Home Top News POGOs: Stay or go?

POGOs: Stay or go?

by
0 comment

POGO, POGO and more POGO stories seem to be flooding everyone’s news feeds. As the troubled industry generates news that ranges from controversial at best to illegal at worst, it would be good to know more about POGOs and how they affect us. The short answer is — in more ways than we may realize.

POGOs or Philippine Offshore Gaming Operators (now going by the name Internet Gaming Licensees), offer gaming in the Philippines to virtual customers placing bets online. E-casinos and sports betting sites are types of POGOs. However, contrary to popular belief, POGOs do not actually cater to players or bets placed within the Philippines. Bets and payouts are made overseas through the operators’ chosen financial institutions. Limiting the players to foreigners ensures that Filipinos are protected from the negative effects of gambling. In fact, while Republic Act (RA) No. 11590 (the law taxing POGOs) recognizes legal forms of gambling, including offshore gaming, it declares that such a recognition cannot be construed as the State endorsing such activity.

POGO licenses are mainly issued by the Philippine Amusement and Gaming Corp. (PAGCOR), which has a legal mandate to license games of chance, card games, and number games, to generate revenue for the government’s socio-civic and national development programs and help promote tourism. In the past, freeport authorities like the Cagayan Economic Zone Authority (CEZA), the Aurora Pacific Economic Zone and Freeport Authority (APECO) and the Authority of the Freeport Area of Bataan (AFAB) were granted, under their respective charters, the power to operate or approve licenses to operate gambling businesses, including POGOs. However, this power has since been curbed by RA No. 11590.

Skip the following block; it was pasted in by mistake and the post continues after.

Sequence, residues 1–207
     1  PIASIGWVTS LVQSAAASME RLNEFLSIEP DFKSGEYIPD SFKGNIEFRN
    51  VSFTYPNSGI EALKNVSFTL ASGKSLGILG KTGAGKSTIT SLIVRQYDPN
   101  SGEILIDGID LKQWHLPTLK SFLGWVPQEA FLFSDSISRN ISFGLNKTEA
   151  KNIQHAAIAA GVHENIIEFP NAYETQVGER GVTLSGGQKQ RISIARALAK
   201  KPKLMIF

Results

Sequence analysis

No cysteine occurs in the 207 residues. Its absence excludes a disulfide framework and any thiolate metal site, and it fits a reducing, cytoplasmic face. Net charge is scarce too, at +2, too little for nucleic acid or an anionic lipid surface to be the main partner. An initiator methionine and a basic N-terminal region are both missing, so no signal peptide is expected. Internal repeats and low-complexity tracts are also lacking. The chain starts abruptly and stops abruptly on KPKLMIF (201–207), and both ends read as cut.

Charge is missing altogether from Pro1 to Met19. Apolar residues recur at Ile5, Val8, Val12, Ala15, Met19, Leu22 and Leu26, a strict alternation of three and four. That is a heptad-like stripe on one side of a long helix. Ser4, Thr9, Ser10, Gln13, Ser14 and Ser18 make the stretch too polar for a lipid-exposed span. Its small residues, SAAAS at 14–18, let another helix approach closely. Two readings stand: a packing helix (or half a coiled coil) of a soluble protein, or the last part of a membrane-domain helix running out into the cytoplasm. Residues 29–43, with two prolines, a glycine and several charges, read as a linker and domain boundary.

Currently, there are two main types of offshore gaming licensees in the Philippines. They are Philippine-based POGO Licensees or Foreign-based POGO Licensees. Foreign-based POGO Licensees must have an appointed Local Agent which has to be PAGCOR-accredited. POGO sites in the Philippines must comply with PAGCOR regulations — for instance, they must not be in a residential area, and must have a maximum floor area of 25,000 square meters.

The Philippines started regulating POGOs in 2016. It was seen as a new source of revenue by the then administration, subject to regulation by gaming regulators and operators, PAGCOR and other mandated economic zones. On Sept. 22, 2021, RA No. 11590 otherwise known as the Act Taxing Philippine Offshore Gaming Operations, was signed into law, amending the Tax Code to include sections on taxing POGOs. Notable provisions are the corporate income tax of 25% on non-gaming revenue, final withholding tax of 25% on the gross income of alien employees, and gaming tax of 5% of their gaming income.

In 2023, P5 billion in PAGCOR revenue came from legitimate POGOs, leading PAGCOR to take the position that the industry helps provide jobs and livelihoods.